Bugs vs. Tanks! (3DS) Review

When I heard that LEVEL-5 (known for Ni No Kuni, Professor Layton, Dark Cloud, and Dragon Quest among others) and Keiji Inafune (Creator of Dead Rising, Onimusha, and Mega Man) were coming together to create something new, needless to say I was pretty excited and curious about what the result would be. Now the curtain has been unveiled and we are given Bugs vs. Tanks! for the 3DS. As you can probably deduce from the title, it has bugs pitting off against tanks, though with a few twists.

Fighting against bugs may not be anything new, as Earth Defence Force did it before, and pretty well, but instead of an invading bug army it turns out the solders and tanks are shrunken down to “smaller-than-bug-size” to put a slightly different twist on it. In Bugs vs. Tanks! you’ll control a tiny tank, making not only the bugs themselves large adversaries, but you’ll have to deal with the terrain and litter on the ground as well.

The setting is World War II and you’re a soldier in an elite tank squad. Newspapers start reporting that some battalions of tanks are missing and they are simply written off as killed-in-action; however, it turns out that the enemy has somehow shrunk down you and your crew to smaller than bug size and now you’re fighting to simply survive against hoards of ants, moths, spiders, and more things that are much larger than you. You also need to find the rest of your crew while scavenging for resources and intel on how to return to normal size.

There’s an odd angle to the story though that I didn’t really expect. You’re actually part of the famous German Panzer squad, and while you’re not fighting the allies in Bugs vs. Tanks!, it still feels a little odd playing the Germans in a World War II setting, even if it never directly associates (or mentions) Nazis from the 1940’s. While you may be fighting bugs in a grass and dirt setting instead of directly facing off against the Allies in Europe, it just feels weird to be playing the side of the Germans set in a “Honey, I Shrunk the Kids” motif.

That oddity aside, the tanks have very basic and straightforward controls, as you can only move, pivot, fire, and use a special ability once per level. To simplify things even further you don’t even control firing of your canon; when bugs get in range it will automatically fire at your target. If you hold down the Right Bumper your canon will not fire automatically unless you let go; some people might like this added challenge, but I’m not sure why there wasn’t an option to use the Right Bumper to fire, rather than to suppress firing. As things become very chaotic and challenging in the later missions I would highly suggest just letting the gun fire as you’re going to need all the firepower you can when you get swarmed. If there’s a bug directly in front of you your machine gunner will lay down cover fire, which won’t do any real damage, but it will slightly slow them down so that you can try and maneuver out of danger. This is generally only useful against swarms and I found that the larger enemies seem to ignore the slowdown effect for the most part.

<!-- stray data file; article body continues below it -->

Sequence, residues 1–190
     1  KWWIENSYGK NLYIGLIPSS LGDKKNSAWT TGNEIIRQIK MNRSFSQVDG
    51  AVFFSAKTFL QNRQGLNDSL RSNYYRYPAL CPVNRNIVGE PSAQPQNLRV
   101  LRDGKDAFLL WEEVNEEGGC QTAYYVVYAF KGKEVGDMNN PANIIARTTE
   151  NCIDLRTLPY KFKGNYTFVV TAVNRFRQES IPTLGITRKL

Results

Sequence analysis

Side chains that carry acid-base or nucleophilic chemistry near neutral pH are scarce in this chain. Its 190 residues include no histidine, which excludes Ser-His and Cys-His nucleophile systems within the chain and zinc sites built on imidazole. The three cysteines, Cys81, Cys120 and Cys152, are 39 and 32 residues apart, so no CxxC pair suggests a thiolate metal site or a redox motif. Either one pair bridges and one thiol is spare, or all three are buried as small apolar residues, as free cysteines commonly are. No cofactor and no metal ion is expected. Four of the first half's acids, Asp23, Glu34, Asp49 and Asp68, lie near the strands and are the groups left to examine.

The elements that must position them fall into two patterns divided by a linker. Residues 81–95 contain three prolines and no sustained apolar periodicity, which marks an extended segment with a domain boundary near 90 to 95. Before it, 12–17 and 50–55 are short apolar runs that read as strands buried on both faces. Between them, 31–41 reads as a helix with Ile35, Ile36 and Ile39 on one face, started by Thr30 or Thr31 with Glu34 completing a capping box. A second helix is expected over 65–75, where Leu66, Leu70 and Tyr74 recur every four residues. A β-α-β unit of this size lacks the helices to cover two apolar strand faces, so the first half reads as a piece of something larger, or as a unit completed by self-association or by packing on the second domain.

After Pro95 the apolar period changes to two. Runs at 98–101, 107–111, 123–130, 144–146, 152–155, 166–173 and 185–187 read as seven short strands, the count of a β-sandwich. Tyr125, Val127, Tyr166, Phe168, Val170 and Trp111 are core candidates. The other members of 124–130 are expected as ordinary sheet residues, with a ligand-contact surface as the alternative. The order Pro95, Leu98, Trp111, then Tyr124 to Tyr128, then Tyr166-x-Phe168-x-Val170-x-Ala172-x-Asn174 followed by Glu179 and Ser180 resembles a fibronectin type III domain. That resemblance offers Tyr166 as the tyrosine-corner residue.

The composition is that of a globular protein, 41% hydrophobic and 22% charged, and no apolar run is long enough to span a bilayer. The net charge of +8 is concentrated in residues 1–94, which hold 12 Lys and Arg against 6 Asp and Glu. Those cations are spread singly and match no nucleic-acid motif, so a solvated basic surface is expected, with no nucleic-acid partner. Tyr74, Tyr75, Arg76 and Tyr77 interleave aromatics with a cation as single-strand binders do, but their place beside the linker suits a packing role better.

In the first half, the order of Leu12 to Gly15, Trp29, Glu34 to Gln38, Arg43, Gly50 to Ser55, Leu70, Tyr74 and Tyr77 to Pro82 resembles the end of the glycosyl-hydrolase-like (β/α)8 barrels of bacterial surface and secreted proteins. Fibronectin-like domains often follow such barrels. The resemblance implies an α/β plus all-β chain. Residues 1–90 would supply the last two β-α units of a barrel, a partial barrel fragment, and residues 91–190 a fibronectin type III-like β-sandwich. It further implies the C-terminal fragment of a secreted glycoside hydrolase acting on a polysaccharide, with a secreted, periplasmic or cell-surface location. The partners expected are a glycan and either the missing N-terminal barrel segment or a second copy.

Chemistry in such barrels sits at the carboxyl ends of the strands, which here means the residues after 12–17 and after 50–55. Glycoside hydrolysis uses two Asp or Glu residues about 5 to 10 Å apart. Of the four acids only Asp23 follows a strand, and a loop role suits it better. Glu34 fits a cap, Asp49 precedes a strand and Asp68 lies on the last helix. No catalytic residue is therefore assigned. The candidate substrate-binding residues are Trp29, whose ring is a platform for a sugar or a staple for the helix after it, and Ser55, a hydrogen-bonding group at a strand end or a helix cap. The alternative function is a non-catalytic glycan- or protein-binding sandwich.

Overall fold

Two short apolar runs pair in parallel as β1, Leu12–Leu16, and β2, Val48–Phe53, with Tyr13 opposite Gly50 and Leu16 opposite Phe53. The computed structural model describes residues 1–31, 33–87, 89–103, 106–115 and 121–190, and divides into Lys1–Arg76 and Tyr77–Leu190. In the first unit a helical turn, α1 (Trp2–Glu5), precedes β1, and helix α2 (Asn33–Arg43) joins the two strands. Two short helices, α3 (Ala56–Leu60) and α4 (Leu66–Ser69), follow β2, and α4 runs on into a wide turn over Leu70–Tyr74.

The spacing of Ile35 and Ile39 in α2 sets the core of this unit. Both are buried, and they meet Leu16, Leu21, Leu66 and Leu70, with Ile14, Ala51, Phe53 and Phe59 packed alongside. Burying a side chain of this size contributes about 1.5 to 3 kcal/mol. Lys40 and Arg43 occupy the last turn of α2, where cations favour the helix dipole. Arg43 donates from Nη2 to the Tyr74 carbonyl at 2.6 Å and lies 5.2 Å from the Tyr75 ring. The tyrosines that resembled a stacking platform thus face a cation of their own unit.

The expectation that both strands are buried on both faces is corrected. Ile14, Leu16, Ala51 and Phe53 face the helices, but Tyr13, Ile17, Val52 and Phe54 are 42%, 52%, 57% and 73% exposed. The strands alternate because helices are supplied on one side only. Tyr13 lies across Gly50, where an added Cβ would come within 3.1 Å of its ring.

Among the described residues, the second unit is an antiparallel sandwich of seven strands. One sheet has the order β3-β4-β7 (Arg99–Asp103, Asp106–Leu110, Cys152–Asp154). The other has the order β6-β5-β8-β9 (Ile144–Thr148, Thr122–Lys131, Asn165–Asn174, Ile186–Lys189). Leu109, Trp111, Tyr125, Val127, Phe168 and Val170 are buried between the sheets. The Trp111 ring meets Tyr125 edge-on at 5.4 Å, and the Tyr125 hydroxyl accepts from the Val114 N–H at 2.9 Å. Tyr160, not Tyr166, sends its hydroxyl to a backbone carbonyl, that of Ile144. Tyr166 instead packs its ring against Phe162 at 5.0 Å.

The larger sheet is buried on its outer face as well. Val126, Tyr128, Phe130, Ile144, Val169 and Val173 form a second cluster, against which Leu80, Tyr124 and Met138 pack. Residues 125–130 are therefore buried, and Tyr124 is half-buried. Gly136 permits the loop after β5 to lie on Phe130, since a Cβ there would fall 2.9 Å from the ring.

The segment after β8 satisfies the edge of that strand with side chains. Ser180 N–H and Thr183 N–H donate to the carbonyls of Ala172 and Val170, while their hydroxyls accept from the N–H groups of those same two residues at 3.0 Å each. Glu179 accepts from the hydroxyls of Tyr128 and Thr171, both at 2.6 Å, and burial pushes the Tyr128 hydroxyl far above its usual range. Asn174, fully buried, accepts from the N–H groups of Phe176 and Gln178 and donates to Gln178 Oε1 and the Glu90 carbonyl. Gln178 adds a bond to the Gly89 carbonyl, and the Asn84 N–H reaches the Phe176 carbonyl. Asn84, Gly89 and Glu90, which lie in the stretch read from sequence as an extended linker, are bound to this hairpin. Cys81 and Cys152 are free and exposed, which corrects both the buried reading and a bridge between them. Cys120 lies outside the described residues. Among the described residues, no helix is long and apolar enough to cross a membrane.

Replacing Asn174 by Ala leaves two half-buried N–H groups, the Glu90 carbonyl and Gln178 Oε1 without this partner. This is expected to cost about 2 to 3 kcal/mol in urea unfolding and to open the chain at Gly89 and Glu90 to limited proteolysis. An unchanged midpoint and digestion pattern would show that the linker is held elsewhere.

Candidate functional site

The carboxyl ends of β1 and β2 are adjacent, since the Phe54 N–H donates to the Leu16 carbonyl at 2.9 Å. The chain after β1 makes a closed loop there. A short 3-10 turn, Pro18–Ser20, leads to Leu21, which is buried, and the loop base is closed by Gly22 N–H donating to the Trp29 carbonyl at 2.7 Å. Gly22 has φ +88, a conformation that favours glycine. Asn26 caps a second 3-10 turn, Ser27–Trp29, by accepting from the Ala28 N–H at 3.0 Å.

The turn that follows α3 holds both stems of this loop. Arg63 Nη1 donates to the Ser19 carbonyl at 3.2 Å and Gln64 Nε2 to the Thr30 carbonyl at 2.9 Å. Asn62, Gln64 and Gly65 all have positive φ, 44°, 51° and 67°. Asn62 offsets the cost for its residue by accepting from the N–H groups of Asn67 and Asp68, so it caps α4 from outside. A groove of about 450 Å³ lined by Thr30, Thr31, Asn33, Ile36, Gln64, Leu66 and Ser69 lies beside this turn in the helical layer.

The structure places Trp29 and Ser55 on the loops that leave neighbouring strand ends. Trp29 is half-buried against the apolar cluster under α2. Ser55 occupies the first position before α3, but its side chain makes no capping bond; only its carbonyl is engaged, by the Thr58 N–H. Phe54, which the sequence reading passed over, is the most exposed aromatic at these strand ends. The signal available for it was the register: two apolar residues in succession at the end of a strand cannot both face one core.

Controlling your tank is very basic at best (not even including the automatic firing), as you use the analog stick to move your tank, though reversing and going on at an angle feels counterintuitive (as I was reversing the way I would a car, but it doesn’t work that way). You can pivot your canon to face any direction while you maneuver in another, and you rotate the canon with two of the face buttons; again, I wish I could have remapped this to the Triggers instead since you don’t actually have to shoot manually.

While controls and mechanics are very basic, surprisingly the bugs themselves are done quite well. They look mean and they certainly act the part once they know you’re in the vicinity. They won’t stop attacking you until your tank is no more, and if you rush in rather then take your time and kill the ones in your way you will be destroyed quite quickly. It’s near impossible to survive a swarm of ants coming at every angle, as they bump you and interrupt your movement with every hit. These are the times you use your “one time per mission” SOS skill. Using your SOS is essentially calling in an artillery strike from your comrades at home base (a corner of dirt in the jungle) that will attack every enemy on screen. The problem with the use of SOS skill is that it doesn’t feel anywhere near as powerful as it should there are times where it misses some of the bugs on screen. Don’t expect it to be a ‘kill everything’ attack, as it’s more just to help against a swarm of weaker enemies in a worst-case scenario. It doesn’t seem to damage the largest enemies very much at all. Coupled with the game’s difficulty, and cheapness at times, it can become frustrating when you want to rush through a level but can’t as you need to take your time killing every bug in your way.